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Hurricane Patricia Weakens to Category 2 After Making Landfall in Mexico

Hurricane Patricia weakened to a Category 2 storm early Saturday, after slamming into southwestern Mexico Friday evening with lashing winds and heavy rainfall.

Hurricane Patricia weakened to a Category 2 storm early Saturday, after slamming into southwestern Mexico Friday evening with lashing winds and heavy rainfall.

The hurricane, which was once clocking 200 mph winds and being called the strongest storm ever recorded, was "rapidly weakening," according to the U.S. National Hurricane Center in Miami, which downgraded the storm after its maximum sustained winds decreased to near 100 mph as of 1:15 a.m ET.

Hurricane Patricia was a category 5 and had 165 mph winds when it made landfall near Cuixmala, west-northwest of Manzanillo, at 6:15 p.m. local time (7:15 p.m. ET). Palm trees bent and rain whipped in sideways as the storm made its first appearance on land.

"The winds are really strong. It's amazing, even the cars are moving," Laura Barajas, a 30-year-old hotel worker from the major cargo port of Manzanillo near where the storm hit, told Reuters.

Patricia's "potentially catastrophic landfall" would affect a stretch of coast between the popular tourist destinations of Puerto Vallarta and Manzanillo, the World Meteorological Organization said. Hurricane force winds covered 35 miles, while tropical storm force winds extended 175 miles, according to the NHC.

More than 7 million people were in the storm's path. Authorities said early Saturday there were reports of flooding and landslides, but no word of fatalities or major damage.

About 3,500 people were evacuated from the state of Jalisco, which encompasses Puerto Vallarta and the Guadalajara metro area, ahead of the storm, the government said. Aircraft were prepared to rescue people from the region on Saturday.

Jalisco Gov. Aristóteles Sandoval said Friday night that 6,333 people were in shelters.

Rainfall amounts of up to a foot in a short span of time between Friday night and Saturday over the Mexican states of Nayarit, Jalisco, Colima, Michoacán and Guerrero could trigger "life-threatening flash floods and mud slides," according to the hurricane center.

A strong storm surge, accompanied by massive waves, near the coast could intensify the flooding. The Mexican national water commission, CONAGUA, said waves could swell to up to 40 feet.

Hurricane Patricia quickly grew in intensity Thursday, and on Friday data from Air Force planes measured wind speeds of more than 200 mph, making it the strongest storm ever recorded.

At that point, the World Meteorological Organization compared the storm to Typhoon Haiyan, which killed more than 6,300 people in the Philippines in 2013.

The storm weakened as it made landfall, but it was still the strongest to ever hit Mexico’s west coast. Patricia is the third strongest storm in Mexico’s history, said NBC meteorologist Bill Karins.

The U.S. Department of State called the storm "extraordinarily dangerous" and urged the tens of thousands of U.S. citizens visiting or living in the hurricane warning area to avoid the coast and heed all evacuation warnings.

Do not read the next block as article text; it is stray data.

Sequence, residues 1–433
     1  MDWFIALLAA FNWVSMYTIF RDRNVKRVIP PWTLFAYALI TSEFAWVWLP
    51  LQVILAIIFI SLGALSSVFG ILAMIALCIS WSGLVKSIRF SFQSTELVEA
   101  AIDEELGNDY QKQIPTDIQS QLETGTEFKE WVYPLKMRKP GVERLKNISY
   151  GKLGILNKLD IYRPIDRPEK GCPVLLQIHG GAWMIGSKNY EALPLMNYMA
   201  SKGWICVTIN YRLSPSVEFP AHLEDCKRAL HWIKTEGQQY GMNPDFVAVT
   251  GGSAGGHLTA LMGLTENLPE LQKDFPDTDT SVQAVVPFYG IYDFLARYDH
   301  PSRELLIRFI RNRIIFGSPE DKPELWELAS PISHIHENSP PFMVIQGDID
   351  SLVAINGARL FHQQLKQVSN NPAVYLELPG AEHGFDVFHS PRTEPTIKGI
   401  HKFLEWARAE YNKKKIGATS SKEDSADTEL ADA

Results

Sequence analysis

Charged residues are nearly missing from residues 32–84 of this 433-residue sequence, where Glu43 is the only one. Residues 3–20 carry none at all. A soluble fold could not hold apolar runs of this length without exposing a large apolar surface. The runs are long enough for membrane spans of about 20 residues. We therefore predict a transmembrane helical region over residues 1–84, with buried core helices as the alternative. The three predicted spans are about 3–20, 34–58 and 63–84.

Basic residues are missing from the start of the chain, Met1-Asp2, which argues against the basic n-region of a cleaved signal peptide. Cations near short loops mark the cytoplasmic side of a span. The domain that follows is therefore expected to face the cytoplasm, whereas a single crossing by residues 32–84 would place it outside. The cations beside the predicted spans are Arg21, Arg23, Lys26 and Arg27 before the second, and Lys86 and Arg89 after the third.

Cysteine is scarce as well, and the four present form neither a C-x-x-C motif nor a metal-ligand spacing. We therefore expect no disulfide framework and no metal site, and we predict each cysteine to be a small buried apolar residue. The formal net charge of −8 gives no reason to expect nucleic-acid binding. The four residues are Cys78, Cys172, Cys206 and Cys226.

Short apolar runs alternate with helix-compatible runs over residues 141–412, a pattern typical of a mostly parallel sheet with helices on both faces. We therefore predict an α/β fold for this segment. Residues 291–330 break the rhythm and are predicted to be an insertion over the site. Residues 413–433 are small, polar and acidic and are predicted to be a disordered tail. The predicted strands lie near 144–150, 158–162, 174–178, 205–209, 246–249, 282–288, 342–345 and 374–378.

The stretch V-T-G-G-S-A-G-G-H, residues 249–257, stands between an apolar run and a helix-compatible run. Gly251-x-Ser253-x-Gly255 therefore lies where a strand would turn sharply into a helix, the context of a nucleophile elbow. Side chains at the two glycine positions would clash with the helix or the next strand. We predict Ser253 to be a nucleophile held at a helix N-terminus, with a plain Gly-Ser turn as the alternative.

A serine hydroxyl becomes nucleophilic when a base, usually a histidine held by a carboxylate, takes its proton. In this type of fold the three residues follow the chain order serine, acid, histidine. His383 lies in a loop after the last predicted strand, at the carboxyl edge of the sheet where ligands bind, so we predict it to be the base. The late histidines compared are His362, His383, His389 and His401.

"If you are in the hurricane warning area, make preparations immediately to protect life and property," said the U.S. Embassy in Mexico.

Three airports in Patricia's path were shut down, according to The Associated Press, meaning those who wished to flee to safety were forced to board buses amidst heavy evacuation traffic.

Kristie Castellini and her fiancé Josh Rodenbush, from San Francisco were with family and friends Puerto Vallarta before they planned to celebrate their wedding in Guadalajara. They didn't learn of the hurricane until late Thursday.

"I was half-asleep when the hotel GM called," Castellini said. "He said we have to evacuate, that all of Puerto Vallarta was being evacuated."

The St. Regis hotel guests boarded a bus on Friday morning and were still on that bus on Friday evening. "We have been on here for seven hours. It's been horrific traffic," Castellini said.

Others were staying put and riding out the storm. Atlanta-born Ian Hayden Parker, who founded the Vallarta Daily News in Puerto Vallarta hopes to continue to inform locals about the storm's impact.

"We live in a resort town, but outside of the tourist zone, there is still a lot of poverty and people without computers, Internet or phones," Parker said.

Many followed advice to urgently begin storm preparations on Thursday and "are now just playing the wait-and-see game," Parker said.

Rain was lashing Ixtapa Friday, which is more than 300 miles south of Puerto Vallarta.

Louise Gutierrez and John Miele, from Long Beach, California, were on a plane heading home Friday when the flight was cancelled due to the storm. They were making the best of it in a hotel Friday night, texting friends back home to let them know where they are.

"We're worried about the storm surge," Gutierrez said. "We’re on the first floor, and we’re hearing reports of rising water."